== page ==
via Broadcast authority urged to implement “real” media reforms | SW Radio Africa by Tererai Karimakwenda October 29, 2013
The Broadcasting Authority of Zimbabwe (BAZ) is being urged to implement “real” media reforms that will open up the broadcast industry to include independent players, instead of campaigning to shut down so-called “pirate radio stations” broadcasting from outside Zimbabwe.
The call came from media practitioners in the country, after the state-run Herald announced that BAZ is “re-inviting” applications for commercial radio licenses in 25 areas, having failed to attract much interest with the original offer last year.
According to The Herald newspaper the invitation is “consistent with Government’s recently pronounced policy to open airwaves to get rid of pirate radio stations that have been spawning anti-Zimbabwe sentiments.”
Giving no further details about the application process itself, the Herald said: “Pirate radio stations that are driven by regime change agents have been broadcasting into Zimbabwe from the United States and other countries. The radio stations air pro-MDC-T programmes and denigrate ZANU PF, but the ruling party is still going strong despite the daily broadcasts against it.”
SW Radio Africa correspondent Lionel Saungweme and Tabani Moyo from the media watchdog MISA-Zimbabwe, both blasted BAZ as being hypocrites, for claiming to want a more open media environment, but only so they can “get rid of” dissenting voices.
Moyo said: “The people of Zimbabwe are tired of the politicization of the process of radio licensing. We need to firstly amend or to do away with the restrictive legislation that is the Broadcast Services Act, and then also reconstitute the BAZ itself so that it becomes an independent authority that does not put on political party hats or regalia.”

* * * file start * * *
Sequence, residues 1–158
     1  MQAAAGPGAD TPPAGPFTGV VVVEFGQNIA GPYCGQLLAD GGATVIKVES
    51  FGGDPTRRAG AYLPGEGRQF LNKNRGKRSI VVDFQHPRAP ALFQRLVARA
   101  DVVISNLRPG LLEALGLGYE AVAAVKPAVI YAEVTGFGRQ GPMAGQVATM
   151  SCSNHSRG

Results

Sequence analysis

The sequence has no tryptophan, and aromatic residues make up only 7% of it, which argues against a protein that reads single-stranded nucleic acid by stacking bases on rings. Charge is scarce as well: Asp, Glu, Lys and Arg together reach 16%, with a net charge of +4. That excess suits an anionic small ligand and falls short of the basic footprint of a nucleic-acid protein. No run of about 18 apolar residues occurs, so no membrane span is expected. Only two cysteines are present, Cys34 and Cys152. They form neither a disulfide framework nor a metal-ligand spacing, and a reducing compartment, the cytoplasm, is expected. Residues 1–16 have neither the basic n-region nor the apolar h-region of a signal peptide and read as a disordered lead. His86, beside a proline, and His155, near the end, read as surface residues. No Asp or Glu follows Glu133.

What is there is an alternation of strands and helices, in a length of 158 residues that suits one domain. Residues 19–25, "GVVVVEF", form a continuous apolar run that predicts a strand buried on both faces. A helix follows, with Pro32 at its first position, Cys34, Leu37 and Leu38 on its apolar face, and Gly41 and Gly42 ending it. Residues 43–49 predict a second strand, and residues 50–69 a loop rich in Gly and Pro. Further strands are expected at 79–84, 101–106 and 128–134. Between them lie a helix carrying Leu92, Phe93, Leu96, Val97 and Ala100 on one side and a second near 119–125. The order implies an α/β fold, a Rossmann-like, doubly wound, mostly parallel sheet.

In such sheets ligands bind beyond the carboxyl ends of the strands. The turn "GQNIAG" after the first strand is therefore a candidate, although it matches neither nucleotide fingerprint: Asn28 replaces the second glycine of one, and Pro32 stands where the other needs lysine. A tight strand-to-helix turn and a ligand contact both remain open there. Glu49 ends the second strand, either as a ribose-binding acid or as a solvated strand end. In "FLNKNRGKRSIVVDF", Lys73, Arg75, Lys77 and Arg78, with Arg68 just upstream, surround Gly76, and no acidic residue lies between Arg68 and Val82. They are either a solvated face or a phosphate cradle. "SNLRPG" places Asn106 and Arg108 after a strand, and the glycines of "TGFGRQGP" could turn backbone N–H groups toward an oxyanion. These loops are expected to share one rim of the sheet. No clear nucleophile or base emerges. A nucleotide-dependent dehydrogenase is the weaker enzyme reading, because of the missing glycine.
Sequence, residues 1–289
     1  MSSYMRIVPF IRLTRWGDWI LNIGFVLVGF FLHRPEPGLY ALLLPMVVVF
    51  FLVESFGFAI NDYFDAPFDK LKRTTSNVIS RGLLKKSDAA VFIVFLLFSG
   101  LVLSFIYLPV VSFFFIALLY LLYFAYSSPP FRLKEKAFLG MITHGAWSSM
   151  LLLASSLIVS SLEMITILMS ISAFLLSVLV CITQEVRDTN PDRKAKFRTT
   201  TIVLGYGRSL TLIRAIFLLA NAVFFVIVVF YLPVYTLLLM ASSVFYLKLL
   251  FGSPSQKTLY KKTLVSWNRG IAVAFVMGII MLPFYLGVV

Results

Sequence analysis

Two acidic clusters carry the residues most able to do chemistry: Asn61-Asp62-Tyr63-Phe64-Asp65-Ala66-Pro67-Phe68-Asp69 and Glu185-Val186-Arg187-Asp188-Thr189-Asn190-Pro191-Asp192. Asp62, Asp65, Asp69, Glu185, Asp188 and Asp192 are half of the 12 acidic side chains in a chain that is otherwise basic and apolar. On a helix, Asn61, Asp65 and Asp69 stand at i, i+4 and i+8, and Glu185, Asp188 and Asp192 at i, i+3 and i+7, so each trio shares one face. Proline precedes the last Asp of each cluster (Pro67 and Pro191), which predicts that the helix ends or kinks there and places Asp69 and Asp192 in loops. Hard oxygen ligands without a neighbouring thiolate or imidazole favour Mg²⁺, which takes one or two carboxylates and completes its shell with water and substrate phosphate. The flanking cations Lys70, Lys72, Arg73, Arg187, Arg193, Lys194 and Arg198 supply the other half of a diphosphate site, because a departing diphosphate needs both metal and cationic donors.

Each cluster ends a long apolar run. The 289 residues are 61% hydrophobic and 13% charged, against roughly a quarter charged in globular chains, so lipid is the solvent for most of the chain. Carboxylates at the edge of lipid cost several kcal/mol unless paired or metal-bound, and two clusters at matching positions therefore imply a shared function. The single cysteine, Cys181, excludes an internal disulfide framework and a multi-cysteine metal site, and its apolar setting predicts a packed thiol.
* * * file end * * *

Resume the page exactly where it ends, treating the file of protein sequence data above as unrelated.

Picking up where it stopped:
Moyo went further to explain that there is no government policy that defines what a pirate radio station is, and that BAZ was making statements that have no legal basis and contradict their actual mission, to open up the airwaves.
Saungweme focused more on the application process, saying: “Talk is cheap. What would have been more logical would have been the scrapping of those prohibitive entry requirements for radio applicants to make it really possible”.
He said the poor response when the radio applications were offered last year, was because government made it impossible for local media organisations to qualify, and the application fees were also not affordable for most.
“It won’t matter whether you get 310,000 applications. All the so-called good pronouncements by the ministers will mean nothing if you do not remove these prohibitive entry requirements,” Saungweme said.
“As far as history tells us the license will go to someone with links to ZANU PF. Last time it went to the deputy minister himself as AB Communications and now he is helping to shape media laws in the country, but in whose favour,” Saungweme asked, referring to the freshly appointed deputy minister Supa Mandiwanzira, who heads ZiFM.
The Herald quoted a statement by BAZ chief executive officer Obert Muganyura, who said that a guideline on the qualification criteria would be issued in this week’s Sunday Mail and Sunday News, together with the official call for license applications.
But Saungweme said Zimbabweans will show no interest for a second time, if the entry requirements are not changed.